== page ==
It can affect people in a variety of ways and key symptoms can range from depression, sleep problems, lethargy, overeating, irritability, and feeling down and unsociable.
Everyone reacts differently and what works for one person may not work for another so have a try at some of the self help tips below:
- research has shown that a one hour walk in the middle of the day could be as effective as a light treatment. Other ideas to keep active might be joining a yoga or pilates class, running with a friend or simply finding your favourite work out on YouTube.
- take some fresh air and natural daylight, especially on sunny days, and when you are inside, sit near the window when you can.
- it has been shown that keeping warm can reduce the winter blues by half. Eat warming foods (my favourite at the moment is curried butternut squash soup) and have warm drinks to keep your core body temperature up.
- a healthy diet will boost your mood, give you more energy and stop you putting on weight over the winter. Balance your craving for carbs with lots of fruit and vegetables.
See the Light
- some people find light therapy effective. I know two of my clients who swear by using their light boxes every day. One lady takes her morning cuppa back to bed and catches up with a good book while she sits in front of her light.
Treat yourself or someone you care about
- book yourself a hair cut, a massage or a reflexology session or just simply buy yourself a new hand cream for a treat. Why not treat a friend with a bunch of flowers, it will make you both feel good.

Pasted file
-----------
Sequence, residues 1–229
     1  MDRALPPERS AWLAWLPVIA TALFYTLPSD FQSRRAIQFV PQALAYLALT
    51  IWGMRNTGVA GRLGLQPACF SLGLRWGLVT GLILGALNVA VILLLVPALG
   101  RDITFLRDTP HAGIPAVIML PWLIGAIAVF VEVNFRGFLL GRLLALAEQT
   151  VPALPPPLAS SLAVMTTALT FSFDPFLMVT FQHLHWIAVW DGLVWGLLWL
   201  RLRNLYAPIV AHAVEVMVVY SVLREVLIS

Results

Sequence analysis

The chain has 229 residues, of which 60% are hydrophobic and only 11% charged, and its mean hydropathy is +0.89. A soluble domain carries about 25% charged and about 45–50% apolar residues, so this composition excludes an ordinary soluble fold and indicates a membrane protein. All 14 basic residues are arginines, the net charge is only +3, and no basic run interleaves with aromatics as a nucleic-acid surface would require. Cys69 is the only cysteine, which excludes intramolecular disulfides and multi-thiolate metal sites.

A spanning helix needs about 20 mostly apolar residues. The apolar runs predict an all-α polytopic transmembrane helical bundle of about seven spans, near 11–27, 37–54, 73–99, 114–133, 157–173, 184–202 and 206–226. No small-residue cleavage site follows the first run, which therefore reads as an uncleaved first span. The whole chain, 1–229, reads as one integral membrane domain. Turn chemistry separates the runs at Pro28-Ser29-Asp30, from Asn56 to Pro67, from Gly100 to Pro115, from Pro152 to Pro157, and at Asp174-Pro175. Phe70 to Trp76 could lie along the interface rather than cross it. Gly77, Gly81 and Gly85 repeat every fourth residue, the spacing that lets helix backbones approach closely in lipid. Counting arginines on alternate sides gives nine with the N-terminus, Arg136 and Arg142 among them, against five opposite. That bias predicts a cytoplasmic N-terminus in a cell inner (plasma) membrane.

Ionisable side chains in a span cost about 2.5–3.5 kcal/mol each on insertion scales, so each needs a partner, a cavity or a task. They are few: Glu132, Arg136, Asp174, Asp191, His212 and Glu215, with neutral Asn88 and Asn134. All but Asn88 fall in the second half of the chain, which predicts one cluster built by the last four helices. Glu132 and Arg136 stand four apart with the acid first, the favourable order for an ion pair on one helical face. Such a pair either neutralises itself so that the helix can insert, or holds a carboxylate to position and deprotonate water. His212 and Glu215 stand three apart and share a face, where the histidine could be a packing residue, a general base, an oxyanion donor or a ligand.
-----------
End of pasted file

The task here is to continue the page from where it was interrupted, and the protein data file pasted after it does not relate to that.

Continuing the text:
- keep a diary and note down three things daily that you are grateful for. It may be something simple like the sunshine or a beautiful flower or perhaps your health or family. It might even be a premium bond win (no harm in wishing!)
Take up a new hobby
- keeping your mind active seems to ward off winter blues. It may be as easy as setting up a knitting or card game group with friends or perhaps learning a new skill, dancing or taking a short OU course. The important thing is to have something to concentrate on and look forward to.
Keep up with friends and family
- it has been shown that socialising is good for your mental health and helps ward off symptoms of SAD. Accept any invitations to social events even if you just stay for a short while.
- talking therapies like counselling, hypnotherapy and CBT can all help you cope with the symptoms of SAD (I can provide local therapist recommendations if needed). You could join a support group, see SADA www.sada.org.uk for more details, and if you are still battling please do speak with your GP.